From there the bus headed off along the gorge road, stopping at Tina’s Guesthouse in Middle Tiger Leaping Gorge. This is where the high trekking trail descends back to the road so is a major junction with lots of comings and goings. Our new hosts had a meal here before heading off to walk down to the river; a 3-hour trek for the return trip. Before they left they explained that they’d arranged with the bus driver to take us the extra 3km to our guesthouse which solved our ditherings about how to get there. We benefited from a lot of kindness and helpfulness during our travels in China and this example probably topped the lot. I hope we are as welcoming and helpful with Chinese visitors in our own country.
The Tibet Guest House is a lovely little place to stay. It’s right beside the road which hardly matters because there’s hardly any traffic. It’s a through road that isn’t much used. It is an interesting transition. The top end of the gorge had maybe hundreds of vehicles and thousands of visitors each day. The middle of the gorge where the trekkers finish might see a hundred or two tourists. And then 3km further to Walnut Garden where Tibet Guest House is there might be only a handful of visitors a day. It’s like there are invisible barriers on the road or something.
There were probably a lot less tourists at Walnut Garden than on the high walking trail. We didn’t feel too much like we were cheating. More like we’d chosen a great location to quietly enjoy the extraordinary landscape (except for the noise of the river hundreds of metres below).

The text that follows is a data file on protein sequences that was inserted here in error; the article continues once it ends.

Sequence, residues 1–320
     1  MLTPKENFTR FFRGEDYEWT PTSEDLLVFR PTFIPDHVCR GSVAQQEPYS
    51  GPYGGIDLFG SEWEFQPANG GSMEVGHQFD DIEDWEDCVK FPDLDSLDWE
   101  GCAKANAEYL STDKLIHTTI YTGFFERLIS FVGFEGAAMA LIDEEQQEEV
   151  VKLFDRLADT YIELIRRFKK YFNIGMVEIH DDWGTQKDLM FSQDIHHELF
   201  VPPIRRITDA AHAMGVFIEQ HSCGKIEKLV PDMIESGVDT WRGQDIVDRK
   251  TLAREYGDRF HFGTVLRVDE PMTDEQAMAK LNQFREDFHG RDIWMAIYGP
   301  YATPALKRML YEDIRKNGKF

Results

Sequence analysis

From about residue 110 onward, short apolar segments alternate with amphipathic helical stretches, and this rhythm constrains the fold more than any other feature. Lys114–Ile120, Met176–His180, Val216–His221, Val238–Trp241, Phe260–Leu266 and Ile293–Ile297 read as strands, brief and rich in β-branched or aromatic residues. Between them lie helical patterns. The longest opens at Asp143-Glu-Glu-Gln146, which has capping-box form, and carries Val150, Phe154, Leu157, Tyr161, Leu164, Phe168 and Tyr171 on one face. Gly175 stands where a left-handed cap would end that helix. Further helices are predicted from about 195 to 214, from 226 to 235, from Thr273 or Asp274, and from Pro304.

Walking a bit further down the road gave a good view back across Walnut Garden and back up the gorge. Tiger Leaping Gorge is an incredible piece of landscape. The Chinese claim it to be the deepest gorge in the world (but, depending on how you assess height, I think the Annapurna Gorge would beat it). The river is approximately 1700m asl. And the Jade Dragon Snow Mountain on one side is 5,596m asl and Haba Snow Mountain on the other side is almost as high. Even with the mountain tops set back, the cliffs on the far side are around 2,000m high. Sitting at the guest house looking about 500m across the river at a 2,000m high rock wall; it’s definitely in the Awesome category.Later when it cooled down a little, we went for a walk back up the road the other way.
Next morning we found the trail from Walnut Garden that descends and traverses back up the gorge towards the viewing rocks below Tina’s Guesthouse. We probably only got halfway down and along but it was a nice walk.
It was a noisy river with a constant roar, amplified by the rock walls. Think NZ’s Huka Falls times about ten. Compelling.
We managed to retrace our steps, even finding a more direct route back to our guesthouse. It was time to pack up, have some lunch, and get dropped back to Tina’s Guesthouse. With some time to spare, we walked back up the road a very short distance to the road bridge over a side gorge. If ever I had a head for heights it’s long gone, and I could hardly bring myself to look over the railing. It is a very long way down.
Soon enough it was time to farewell the Tiger Leaping Gorge. It came well recommended, and definitely delivered. The scenery is stunning, to the point of being scary. Our choice to do the drive-in option probably didn’t diminish our experience much. It is one of those places you don’t forget; you couldn’t.
One of Tina’s buses took us back up the gorge to Qiaotou and then began the climb up towards Shangrila. As we got higher, the climate and geography and buildings changed. It was easy to see the Tibetan influence as the air got thinner and colder. We just hoped we had enough warm clothes.